The results of the MCA IIs are used to determine whether schools and districts have made adequate yearly progress, or AYP, for the No Child Left Behind education law. Last year's poor math test scores were one reason many schools didn't make AYP, which can lead to penalties.
At the time, state education officials said the MCA II math test was a longer, tougher test than students were used to. They also wondered whether some students didn't take the test seriously, since it doesn't affect their GPA, only their school's status for No Child Left Behind. That appears to be the case this year as well.
"Most people, I think, just thought it was a pointless test," said Jasmine Erickson, a junior at Como Park High School in St. Paul who took the MCA IIs last week.
Erickson is taking trigonometry right now, and said she thought the problems on the test were easy. But Erickson was a little confused by one section that asks students to explain their reasoning. Erickson said she didn't know whether to simply show her work or write out an answer.
Last year on that section, juniors left about one-third of those answers blank. Erickson said she did her best on the MCA IIs, although she's a little tired of tests right now.
"I just took the ACT a couple of weeks ago, so I was just kind of in the mode of, just take the test, get it over with, do your best," Erickson said. "I'm pretty sure if it was the ACT, I would have tried a lot harder, but I didn't do badly on purpose, I guess you could say."
Erickson and the other juniors MPR talked to say while they didn't try to bomb the test, they saw other students who didn't make much of an effort.
At Andover High School, the newest high school in the Anoka-Hennepin School District, junior Megan Keller said some students rushed through the test.
"A lot of people just bubbled-in answers, I think," Keller said.
"Bubbled-in" means students randomly filled in the multiple choice bubbles. One of Keller's classmates, Dan Probst, said he's sure some students didn't do the section that asked them to explain their reasoning.
"Some of the students finished so quickly that there's no way they could have worked through all the problems," said Probst. "They had to have just filled them in, bubbled-in the answers and maybe skipped the free response."
Probst and Keller said some students finished the test in 10 minutes. Another Andover student, Benjamin Graham, said one student in his homeroom finished in just two minutes.
Graham thought the math test was fairly simple and straightforward. That's not surprising, since Graham is taking honors trigonometry. But while Andover High has plenty of advanced math students like Graham, the school's math test scores were not impressive last year. Only 28 percent of the school's juniors were proficient in math, less than the state average.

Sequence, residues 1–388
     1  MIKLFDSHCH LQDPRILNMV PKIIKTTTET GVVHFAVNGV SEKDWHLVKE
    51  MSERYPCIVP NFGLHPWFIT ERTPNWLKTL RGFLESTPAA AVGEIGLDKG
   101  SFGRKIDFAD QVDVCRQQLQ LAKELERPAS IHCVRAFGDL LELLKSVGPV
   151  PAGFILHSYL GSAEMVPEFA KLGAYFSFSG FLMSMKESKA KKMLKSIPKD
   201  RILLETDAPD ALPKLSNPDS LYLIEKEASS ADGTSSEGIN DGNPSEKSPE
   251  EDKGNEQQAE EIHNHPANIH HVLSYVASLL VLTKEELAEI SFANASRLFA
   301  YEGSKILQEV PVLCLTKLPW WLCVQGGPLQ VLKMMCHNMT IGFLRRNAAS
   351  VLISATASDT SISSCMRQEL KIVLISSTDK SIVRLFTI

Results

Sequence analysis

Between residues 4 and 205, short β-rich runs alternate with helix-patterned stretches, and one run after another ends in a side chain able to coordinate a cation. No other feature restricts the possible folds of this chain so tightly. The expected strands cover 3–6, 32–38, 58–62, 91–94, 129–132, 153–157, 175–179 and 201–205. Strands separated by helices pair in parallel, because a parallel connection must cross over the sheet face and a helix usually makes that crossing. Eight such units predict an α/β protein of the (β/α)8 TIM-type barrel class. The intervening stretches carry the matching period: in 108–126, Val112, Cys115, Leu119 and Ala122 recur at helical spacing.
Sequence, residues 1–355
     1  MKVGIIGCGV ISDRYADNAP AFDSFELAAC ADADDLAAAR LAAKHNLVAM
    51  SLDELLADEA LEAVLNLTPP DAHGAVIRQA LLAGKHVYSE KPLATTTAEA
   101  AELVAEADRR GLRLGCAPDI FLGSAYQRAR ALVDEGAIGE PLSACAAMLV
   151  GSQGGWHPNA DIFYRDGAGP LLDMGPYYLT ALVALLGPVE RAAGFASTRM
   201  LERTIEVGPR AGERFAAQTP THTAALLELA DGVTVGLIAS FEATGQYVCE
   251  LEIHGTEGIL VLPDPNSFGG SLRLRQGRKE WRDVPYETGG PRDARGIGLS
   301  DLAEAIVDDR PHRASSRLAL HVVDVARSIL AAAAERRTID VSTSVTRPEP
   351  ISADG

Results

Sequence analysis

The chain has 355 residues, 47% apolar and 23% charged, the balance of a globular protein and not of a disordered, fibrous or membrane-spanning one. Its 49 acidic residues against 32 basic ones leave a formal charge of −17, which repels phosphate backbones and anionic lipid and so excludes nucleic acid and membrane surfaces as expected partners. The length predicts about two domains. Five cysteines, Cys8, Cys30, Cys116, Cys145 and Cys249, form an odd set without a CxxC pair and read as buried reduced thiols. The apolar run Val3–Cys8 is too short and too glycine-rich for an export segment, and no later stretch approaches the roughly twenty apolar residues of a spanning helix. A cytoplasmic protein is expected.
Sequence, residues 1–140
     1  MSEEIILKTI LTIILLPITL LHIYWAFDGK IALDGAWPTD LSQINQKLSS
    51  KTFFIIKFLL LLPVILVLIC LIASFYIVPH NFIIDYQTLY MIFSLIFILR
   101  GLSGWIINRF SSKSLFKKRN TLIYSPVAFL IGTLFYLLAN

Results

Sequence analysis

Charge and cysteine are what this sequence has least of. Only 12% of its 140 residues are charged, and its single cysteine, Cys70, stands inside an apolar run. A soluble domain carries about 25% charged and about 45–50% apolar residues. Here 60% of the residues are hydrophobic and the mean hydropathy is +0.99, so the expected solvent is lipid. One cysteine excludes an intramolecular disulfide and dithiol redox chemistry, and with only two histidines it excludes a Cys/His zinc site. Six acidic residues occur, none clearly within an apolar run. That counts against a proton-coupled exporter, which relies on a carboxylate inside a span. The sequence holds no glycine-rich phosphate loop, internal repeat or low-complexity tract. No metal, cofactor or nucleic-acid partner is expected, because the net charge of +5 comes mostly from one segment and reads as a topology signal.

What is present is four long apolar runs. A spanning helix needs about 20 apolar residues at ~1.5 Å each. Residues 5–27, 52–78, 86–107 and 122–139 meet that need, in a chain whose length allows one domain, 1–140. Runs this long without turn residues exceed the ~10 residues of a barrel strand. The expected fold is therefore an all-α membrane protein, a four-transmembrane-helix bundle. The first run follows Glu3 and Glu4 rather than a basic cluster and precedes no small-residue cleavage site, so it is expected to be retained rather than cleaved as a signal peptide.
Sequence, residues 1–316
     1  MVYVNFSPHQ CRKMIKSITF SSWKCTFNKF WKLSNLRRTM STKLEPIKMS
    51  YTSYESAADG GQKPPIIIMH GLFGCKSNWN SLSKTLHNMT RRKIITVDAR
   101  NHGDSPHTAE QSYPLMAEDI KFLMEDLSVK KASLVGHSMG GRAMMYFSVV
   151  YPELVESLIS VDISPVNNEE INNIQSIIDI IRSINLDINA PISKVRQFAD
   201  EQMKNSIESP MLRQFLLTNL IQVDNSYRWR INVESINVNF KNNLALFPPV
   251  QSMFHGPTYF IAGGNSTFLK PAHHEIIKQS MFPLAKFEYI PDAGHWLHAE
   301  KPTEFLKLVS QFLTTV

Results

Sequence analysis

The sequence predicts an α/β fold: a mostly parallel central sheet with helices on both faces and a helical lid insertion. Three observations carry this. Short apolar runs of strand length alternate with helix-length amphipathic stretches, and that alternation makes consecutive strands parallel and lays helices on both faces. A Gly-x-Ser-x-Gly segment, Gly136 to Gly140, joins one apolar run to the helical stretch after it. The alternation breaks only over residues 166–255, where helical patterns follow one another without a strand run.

South High School in Minneapolis did slightly better than the state average. Thirty-five percent of juniors were proficient in math last year.
MPR talked to some juniors at South who are taking algebra I because they struggle with math. None of them had trouble finishing the test. Jackee Heslop said she doesn't like math, but she thought the test was pretty easy.
"I think I understood 85 percent of what was on it," Heslop said. "And I just thought there was no point in taking that test. Because we don't need it to graduate."
Heslop knows that her school does care about the results of the MCA IIs. And math teachers at South High did more this year to try to prepare their students for the test.
Teacher Tara Fitzgerald -- or as her students call her, Miss Fitz -- said last year, teachers spent a week on the basics of the MCA II math test.
"I'm not sure we did a very good job as a department to tell them what to expect out of the test," said Fitzgerald.
Fitzgerald said this time, teachers spread out the MCA II preparation over several months, and gave students a practice test.
"This year, we really kind of said, you're going to be taking it over two days, there's four parts to the test, these are the things you're going to see," Fitzgerald said. "And then we really stressed, although it's not important to your resume or your transcript, it's very important to the school's resume and transcript, and how people perceive us and how well we're doing as a school."
Fitzgerald said she hopes her school's math scores are better this year. State education officials want to see improvements statewide, and will release the results of the MCA IIs in July.